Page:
And once you wade into that territory, the opportunity to take it even further if the US were to advance to the medal round is a huge miss. The Americans could win the next 10 Gold Cups, and it would make a fraction of the impact on the American public as a bronze medal in Tokyo.

Also it was still bad on the field. Yes, this is all true. Plenty of it comes down to personnel and tactical choices either in the weeks and months before the game or on the day. Whether that happened because USSF doesn’t take the Olympics as seriously as it should, or because they care and just didn’t do a good job… ultimately doesn’t really matter at this point,.

It’s worth noting what made this a B or C team, because that can provide a little bit of optimism, or at least context. Here are some of the players who weren’t in Guadalajara, with their current TransferMarkt values and the reasons they weren’t there:

  • M Christian Pulisic ($55 million) – European pro
  • M Giovanni Reyna ($41.8 million) – European pro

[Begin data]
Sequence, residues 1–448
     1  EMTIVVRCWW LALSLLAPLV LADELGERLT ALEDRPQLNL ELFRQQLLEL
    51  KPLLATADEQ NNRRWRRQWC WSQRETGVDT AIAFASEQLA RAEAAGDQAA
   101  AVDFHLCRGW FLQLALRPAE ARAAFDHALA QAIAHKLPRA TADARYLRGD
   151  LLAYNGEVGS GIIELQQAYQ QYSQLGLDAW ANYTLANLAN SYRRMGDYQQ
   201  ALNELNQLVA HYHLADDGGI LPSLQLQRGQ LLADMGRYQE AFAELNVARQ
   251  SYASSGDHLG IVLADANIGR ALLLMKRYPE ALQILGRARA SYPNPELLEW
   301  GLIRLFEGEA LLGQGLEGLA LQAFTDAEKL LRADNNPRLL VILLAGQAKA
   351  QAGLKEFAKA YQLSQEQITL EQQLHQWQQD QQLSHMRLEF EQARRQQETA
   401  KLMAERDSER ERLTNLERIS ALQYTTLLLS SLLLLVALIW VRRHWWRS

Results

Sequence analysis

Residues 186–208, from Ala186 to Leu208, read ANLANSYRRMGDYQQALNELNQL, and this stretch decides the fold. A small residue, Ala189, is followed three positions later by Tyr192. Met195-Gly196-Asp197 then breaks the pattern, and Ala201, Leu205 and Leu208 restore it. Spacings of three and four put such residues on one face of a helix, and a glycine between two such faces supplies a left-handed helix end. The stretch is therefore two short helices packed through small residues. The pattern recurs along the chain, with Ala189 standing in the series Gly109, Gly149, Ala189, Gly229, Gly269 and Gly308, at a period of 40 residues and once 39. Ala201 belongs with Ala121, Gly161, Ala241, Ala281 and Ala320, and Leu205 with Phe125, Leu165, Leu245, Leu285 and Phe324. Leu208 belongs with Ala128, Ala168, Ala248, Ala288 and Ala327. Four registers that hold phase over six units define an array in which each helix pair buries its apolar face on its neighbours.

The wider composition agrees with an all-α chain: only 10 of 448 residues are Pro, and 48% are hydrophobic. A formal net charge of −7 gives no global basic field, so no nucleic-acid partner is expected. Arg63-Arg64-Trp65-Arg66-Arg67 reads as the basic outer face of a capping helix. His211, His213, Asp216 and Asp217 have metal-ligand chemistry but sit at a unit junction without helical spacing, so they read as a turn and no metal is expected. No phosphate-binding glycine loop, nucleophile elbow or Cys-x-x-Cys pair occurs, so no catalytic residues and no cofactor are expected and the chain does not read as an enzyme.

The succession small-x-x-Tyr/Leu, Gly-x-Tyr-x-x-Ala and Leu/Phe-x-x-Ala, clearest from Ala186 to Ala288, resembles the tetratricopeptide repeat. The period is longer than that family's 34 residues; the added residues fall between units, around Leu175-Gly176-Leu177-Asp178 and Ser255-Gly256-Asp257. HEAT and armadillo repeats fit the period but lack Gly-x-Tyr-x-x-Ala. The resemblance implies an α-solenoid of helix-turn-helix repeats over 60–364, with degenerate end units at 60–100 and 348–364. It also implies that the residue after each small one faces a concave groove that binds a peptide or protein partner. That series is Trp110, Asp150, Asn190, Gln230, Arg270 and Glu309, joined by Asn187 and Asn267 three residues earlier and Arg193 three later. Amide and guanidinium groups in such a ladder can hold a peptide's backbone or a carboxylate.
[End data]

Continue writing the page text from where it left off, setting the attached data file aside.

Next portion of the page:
• M Weston McKennie ($27.5 million) – European pro
  • FB Sergiño Dest ($27.5 million) – European pro
  • M Tyler Adams ($22 million) – European pro
  • M Brenden Aaronson ($11 million) – European pro
  • M Yunus Musah ($11 million) – European pro
  • [many more with “European pro” distinction]
  • FB Cole Bassett ($5.5 million) – Coach’s decision after camp
  • M Gianluca Busio ($4.4 million) – Coach’s decision (not called to camp)
  • CB Miles Robinson ($3.3 million) – Not released by Atlanta United
  • M/CB Keaton Parks ($3.3 million) – Coach’s decision (not called to camp)
  • M Paxton Pomykal ($3.3 million) – Injury
  • F Jeremy Ebobisse ($3.08 million) – Coach’s decision (not called to camp)
  • FB George Bello ($2.75 million) – Not released by Atlanta United
  • M Anthony Fontana ($2.2 million) – Coach’s decision (not called to camp)
  • CAM Frankie Amaya ($2.2 million) – Coach’s decision (in camp but not selected to 18)